Education Funding Report Roundup

Survey Finds School Buildings in Need of Improvements

By Lesli A. Maxwell — March 11, 2014 1 min read
  • Save to favorites
  • Print

Upgrading the nation’s public K-12 school buildings to a “good overall condition” would cost about $200 billion, according to a new, nationally representative survey released last week by the National Center for Education Statistics.

Fifty-three percent of public schools need to spend money on repairs, renovations, and modernizations to put them in good condition—improvements that would cost about $4.5 million per school, results from the survey show.

Among schools where 75 percent or more of students are eligible for free and reduced-price meals, the percentage of schools in need of substantial upgrades to reach good condition is 60 percent.

Thirty-one percent of public schools use portable buildings for classroom space on their sites, but such temporary buildings are more commonly found in schools that serve large numbers of poor and minority students, the survey found.

The survey sample drew from responses of administrators at approximately 1,800 regular public elementary, middle, and secondary/combined schools in all 50 states and the District of Columbia and represents the reported conditions of school facilities in the 2012-13 academic year.

Its other findings include:

• Sixty percent of public schools have written long-range facilities plans, with 17 percent reporting that major repairs and modernization work was already under way in the 2012-13 school year;

• Thirty-nine percent said major renovations and modernizations were on tap for the next two years, mostly for security-system replacements and technology upgrades; and,

• The average age of public schools’ main instructional buildings is 44 years.

A version of this article appeared in the March 12, 2014 edition of Education Week as Survey Finds School Buildings in Need of Improvements

Events

This content is provided by our sponsor. It is not written by and does not necessarily reflect the views of Education Week's editorial staff.
Sponsor
Reading & Literacy Webinar
Your Questions on the Science of Reading, Answered
Dive into the Science of Reading with K-12 leaders. Discover strategies, policy insights, and more in our webinar.
Content provided by Otus
Mathematics Live Online Discussion A Seat at the Table: Breaking the Cycle: How Districts are Turning around Dismal Math Scores
Math myth: Students just aren't good at it? Join us & learn how districts are boosting math scores.
This content is provided by our sponsor. It is not written by and does not necessarily reflect the views of Education Week's editorial staff.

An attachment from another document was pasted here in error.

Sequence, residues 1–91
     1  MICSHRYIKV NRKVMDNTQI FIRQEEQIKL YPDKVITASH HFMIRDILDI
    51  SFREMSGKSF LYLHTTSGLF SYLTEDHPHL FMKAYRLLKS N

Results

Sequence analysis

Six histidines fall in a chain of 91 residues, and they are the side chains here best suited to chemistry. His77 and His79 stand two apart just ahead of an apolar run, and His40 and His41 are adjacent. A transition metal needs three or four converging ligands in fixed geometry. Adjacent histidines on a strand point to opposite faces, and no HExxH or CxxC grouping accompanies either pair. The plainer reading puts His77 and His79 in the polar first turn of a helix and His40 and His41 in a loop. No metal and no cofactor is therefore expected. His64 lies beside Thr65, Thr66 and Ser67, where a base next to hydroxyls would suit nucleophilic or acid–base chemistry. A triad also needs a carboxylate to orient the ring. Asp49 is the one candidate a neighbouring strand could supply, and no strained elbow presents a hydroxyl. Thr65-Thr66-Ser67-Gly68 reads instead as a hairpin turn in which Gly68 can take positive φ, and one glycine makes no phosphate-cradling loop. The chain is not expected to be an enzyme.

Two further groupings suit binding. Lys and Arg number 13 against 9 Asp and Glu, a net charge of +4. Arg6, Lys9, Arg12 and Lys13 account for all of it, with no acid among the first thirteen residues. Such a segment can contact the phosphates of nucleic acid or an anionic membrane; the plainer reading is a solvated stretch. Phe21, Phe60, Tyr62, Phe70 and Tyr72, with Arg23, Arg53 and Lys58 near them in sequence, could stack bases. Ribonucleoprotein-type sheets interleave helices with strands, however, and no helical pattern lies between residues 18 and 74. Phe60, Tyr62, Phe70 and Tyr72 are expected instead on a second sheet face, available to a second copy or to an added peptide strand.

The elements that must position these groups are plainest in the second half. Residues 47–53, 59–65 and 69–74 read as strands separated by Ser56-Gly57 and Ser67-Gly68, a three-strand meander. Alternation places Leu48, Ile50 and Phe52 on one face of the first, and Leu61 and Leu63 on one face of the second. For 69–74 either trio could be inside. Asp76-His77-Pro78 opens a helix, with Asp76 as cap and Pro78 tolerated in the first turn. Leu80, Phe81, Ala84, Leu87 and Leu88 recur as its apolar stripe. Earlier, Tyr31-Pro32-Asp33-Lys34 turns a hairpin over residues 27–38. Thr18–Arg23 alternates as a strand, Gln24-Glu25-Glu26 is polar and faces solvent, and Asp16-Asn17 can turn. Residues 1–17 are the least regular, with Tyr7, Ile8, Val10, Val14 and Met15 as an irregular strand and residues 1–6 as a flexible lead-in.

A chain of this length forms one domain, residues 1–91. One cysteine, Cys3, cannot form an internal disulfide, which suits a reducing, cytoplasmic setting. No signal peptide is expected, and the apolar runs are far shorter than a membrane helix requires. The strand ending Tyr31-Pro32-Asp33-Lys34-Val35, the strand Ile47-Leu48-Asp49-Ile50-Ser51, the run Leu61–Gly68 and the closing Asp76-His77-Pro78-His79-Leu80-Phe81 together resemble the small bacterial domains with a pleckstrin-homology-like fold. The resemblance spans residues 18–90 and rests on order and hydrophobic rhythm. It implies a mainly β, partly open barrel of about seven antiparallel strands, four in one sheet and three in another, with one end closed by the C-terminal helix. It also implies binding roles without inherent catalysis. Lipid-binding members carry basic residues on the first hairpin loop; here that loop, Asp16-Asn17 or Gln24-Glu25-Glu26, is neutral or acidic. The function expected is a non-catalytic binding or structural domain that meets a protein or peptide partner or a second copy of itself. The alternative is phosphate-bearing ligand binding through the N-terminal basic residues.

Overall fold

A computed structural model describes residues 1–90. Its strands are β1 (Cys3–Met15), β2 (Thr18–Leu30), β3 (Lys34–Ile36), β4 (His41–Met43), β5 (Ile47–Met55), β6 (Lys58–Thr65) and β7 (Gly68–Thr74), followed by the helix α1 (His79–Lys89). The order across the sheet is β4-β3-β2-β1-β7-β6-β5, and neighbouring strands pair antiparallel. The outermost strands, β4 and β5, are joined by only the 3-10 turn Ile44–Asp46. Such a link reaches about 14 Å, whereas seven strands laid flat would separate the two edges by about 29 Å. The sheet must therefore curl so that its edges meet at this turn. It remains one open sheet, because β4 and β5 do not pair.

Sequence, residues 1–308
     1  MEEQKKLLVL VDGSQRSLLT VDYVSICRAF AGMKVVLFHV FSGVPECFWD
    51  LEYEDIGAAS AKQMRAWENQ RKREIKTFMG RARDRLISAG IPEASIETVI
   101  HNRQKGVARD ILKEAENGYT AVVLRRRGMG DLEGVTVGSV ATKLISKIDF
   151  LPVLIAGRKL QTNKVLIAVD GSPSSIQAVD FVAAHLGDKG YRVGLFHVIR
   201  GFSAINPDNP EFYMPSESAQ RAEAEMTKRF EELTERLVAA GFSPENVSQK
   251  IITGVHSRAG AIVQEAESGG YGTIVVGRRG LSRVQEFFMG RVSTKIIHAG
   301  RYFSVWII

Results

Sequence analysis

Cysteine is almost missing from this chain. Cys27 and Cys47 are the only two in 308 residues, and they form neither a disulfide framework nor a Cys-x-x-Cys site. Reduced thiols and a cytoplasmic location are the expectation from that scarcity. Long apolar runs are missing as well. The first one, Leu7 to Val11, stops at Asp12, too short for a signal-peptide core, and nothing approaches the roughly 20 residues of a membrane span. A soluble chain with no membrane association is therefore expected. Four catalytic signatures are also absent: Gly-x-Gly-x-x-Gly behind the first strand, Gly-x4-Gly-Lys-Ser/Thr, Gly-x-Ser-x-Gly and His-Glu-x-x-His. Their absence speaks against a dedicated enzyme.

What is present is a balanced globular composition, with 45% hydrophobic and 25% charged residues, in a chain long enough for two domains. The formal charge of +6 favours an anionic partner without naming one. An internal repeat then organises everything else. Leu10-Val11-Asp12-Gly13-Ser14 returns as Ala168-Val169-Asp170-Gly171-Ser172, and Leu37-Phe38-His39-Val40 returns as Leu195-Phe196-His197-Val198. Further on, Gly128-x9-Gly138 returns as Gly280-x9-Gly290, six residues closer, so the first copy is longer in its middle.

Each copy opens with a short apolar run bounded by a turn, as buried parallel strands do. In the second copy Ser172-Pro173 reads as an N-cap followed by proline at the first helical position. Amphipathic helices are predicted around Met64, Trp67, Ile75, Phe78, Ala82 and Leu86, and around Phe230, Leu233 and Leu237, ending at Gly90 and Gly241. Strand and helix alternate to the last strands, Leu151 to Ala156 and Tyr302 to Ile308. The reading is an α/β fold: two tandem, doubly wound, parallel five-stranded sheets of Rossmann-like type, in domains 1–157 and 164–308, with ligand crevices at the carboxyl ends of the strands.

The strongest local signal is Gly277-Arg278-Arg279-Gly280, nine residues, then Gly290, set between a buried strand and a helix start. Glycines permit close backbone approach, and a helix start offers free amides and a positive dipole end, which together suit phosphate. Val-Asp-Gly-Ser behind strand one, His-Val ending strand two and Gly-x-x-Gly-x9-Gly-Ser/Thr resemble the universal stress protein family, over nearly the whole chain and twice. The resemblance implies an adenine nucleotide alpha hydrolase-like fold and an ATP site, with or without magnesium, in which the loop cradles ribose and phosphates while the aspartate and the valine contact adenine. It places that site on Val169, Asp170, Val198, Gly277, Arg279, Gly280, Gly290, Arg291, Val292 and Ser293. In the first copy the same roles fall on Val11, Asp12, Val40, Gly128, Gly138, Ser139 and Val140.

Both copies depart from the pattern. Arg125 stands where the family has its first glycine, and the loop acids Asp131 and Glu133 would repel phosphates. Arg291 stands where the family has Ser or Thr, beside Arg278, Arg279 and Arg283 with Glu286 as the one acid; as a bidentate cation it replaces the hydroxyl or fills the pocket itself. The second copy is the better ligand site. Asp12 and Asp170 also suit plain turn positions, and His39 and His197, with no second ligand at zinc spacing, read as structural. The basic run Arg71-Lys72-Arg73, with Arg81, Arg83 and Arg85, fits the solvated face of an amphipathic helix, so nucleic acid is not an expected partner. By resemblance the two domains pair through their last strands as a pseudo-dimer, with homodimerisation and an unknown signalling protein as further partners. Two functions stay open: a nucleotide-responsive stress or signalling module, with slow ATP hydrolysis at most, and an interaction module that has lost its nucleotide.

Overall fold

Sponsor
Student Achievement Webinar
How To Tackle The Biggest Hurdles To Effective Tutoring
Learn how districts overcome the three biggest challenges to implementing high-impact tutoring with fidelity: time, talent, and funding.
Content provided by Saga Education

EdWeek Top School Jobs

Teacher Jobs
Search over ten thousand teaching jobs nationwide — elementary, middle, high school and more.
View Jobs
Principal Jobs
Find hundreds of jobs for principals, assistant principals, and other school leadership roles.
View Jobs
Administrator Jobs
Over a thousand district-level jobs: superintendents, directors, more.
View Jobs
Support Staff Jobs
Search thousands of jobs, from paraprofessionals to counselors and more.
View Jobs

Read Next

Education Funding Education Dept. Sees Small Cut in Funding Package That Averted Government Shutdown
The Education Department will see a reduction even as the funding package provides for small increases to key K-12 programs.
3 min read
President Joe Biden delivers a speech about healthcare at an event in Raleigh, N.C., on March 26, 2024.
President Joe Biden delivers a speech about health care at an event in Raleigh, N.C., on March 26. Biden signed a funding package into law over the weekend that keeps the federal government open through September but includes a slight decrease in the Education Department's budget.
Matt Kelley/AP
Education Funding Biden's Budget Proposes Smaller Bump to Education Spending
The president requested increases to Title I and IDEA, and funding to expand preschool access in his 2025 budget proposal.
7 min read
President Joe Biden delivers remarks on lowering prices for American families during an event at the YMCA Allard Center on March 11, 2024, in Goffstown, N.H.
President Joe Biden delivers remarks on lowering prices for American families during an event at the YMCA Allard Center on March 11, 2024, in Goffstown, N.H. Biden's administration released its 2025 budget proposal, which includes a modest spending increase for the Education Department.
Evan Vucci/AP
Education Funding States Are Pulling Back on K-12 Spending. How Hard Will Schools Get Hit?
Some states are trimming education investments as financial forecasts suggest boom times may be over.
6 min read
Collage illustration of California state house and U.S. currency background.
F. Sheehan for Education Week / Getty
Education Funding Using AI to Guide School Funding: 4 Takeaways
One state is using AI to help guide school funding decisions. Will others follow?
5 min read
 Illustration of a robot hand drawing a graph line leading to budget and finalcial spending.
iStock/Getty